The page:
Recently, in the space of three days, two different people said to me – in the course of an otherwise unexceptional conversation, apropos of nothing – that they had dreams of being a writer. Both of them are in their fifties, which meant they’ve been doing something else for the better part of three decades (but hey, no one remains with the same company anymore, so why stick with the same profession?).

Those of you who are writers probably know what came next: the questions. Those questions. The exact wording varies, but the gist is always the same. How do you get started? Do you have to go to school? How do you decide what to write about? Why are there no people of color on “Game of Thrones”(trick question, just to see if you were paying attention)? Essentially, these are all like strands in a child’s drawing of the sun — leading back to the center, to the more basic question: “Can anybody do it?”

In a way, I find this kind of flattering. Most people don’t get those kinds of queries, after all. You know what you have to do to be a doctor, or a lawyer, or an athlete or an actor. You know what’s involved in working in someone else’s business or starting your own. The path is clear, the signs along the way well-marked.

Writing, on the other hand – professional writing, that is, as opposed to composing an e-mail or a grocery list – is shrouded in a kind of cosmic mystery. Everyone realizes that it’s not just a matter of scratching letters on a sheet of paper, or tapping the keys in a certain order. But what else? Writers themselves are no help; they’re happy to talk about their work routine (“I get up every morning at five, drink a few shots of vodka, play two tennis matches and then sit down at the computer”) but rarely if ever about the actual work process, and only infrequently about what made them decide to get into this crazy business in the first place.

So what does it take to write professionally? Can any idiot do it?

The best answer I can give is that there is no answer – no single answer, that is, that could be applied to every writer in every time and place.

We all start from the same point: learning a language – its rules and standards, formalities and slang; how to use it to present basic facts, to embellish and add color, to convey our happiness, sadness, anger. We “practice” every day, on school assignments, letters/e-mails, birthday cards, Post-Its. And unless there is a baby or someone else who can’t easily communicate in our lives, we come to take it all for granted.  We don’t think about how we form our words any more than we consider how we tie our shoes – we just do it.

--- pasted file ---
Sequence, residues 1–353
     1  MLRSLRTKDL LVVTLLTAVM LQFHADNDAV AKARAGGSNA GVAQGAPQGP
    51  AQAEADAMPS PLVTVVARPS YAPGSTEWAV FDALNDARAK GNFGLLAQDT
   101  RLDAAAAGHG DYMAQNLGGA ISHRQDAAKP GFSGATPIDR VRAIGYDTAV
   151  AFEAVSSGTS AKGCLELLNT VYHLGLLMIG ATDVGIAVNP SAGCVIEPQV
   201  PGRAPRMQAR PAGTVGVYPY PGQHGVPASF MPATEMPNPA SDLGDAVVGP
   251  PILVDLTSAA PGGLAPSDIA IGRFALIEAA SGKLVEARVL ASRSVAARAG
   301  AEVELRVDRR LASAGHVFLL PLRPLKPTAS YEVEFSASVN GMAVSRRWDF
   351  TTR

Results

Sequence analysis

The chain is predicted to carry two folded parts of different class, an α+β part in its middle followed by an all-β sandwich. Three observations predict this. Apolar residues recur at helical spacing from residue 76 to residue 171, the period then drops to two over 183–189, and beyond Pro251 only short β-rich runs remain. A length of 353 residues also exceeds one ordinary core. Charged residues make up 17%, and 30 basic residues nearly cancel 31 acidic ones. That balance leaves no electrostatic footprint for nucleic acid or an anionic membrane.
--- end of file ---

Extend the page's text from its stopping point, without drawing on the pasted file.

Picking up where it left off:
But some people go a step further. They see how words, sentences, paragraphs can be strung together for grander purposes: to tell a story, make an argument, describe an experience or a person. Something in their lives compels them to do the same. Maybe they’ve lived through a horrific experience (war, forced migration, an abusive childhood) and are obsessed with telling the world what they saw and felt. Maybe they enjoy reading or listening to other people’s stories and decide to make up their own. Maybe they want to recount the past or describe the present of their city, region or country. (Carlos Fuentes  was inspired by hearing his grandmothers’ tales of old Mexico; “my two grannies,” he said, “[were] the two authors of my books, really.”) In my case, I was pissed off – at my parents, my teachers, my government, the world – and saw writing as a way of exposing the shallowness, hypocrisy and false values that I found all around me, and blah blah blah (yes, I was a teenager).

And if you turn out to be one of those people, what then?

Then you write whenever, wherever you can. You jot down notes, ideas, lines of dialogue, character sketches, and file them away for future use. You might start with short stories or poetry or essays, or jump right in with a novel or play. Often you take courses, either at college or grad school or on your own, not to learn how to write – remember, you already know that – but to get an understanding of what works and what doesn’t. You familiarize yourself with different styles, borrowing (o.k., stealing) just enough to escape detection. Slowly, gradually, you settle on the style – the voice – with which you’re most comfortable.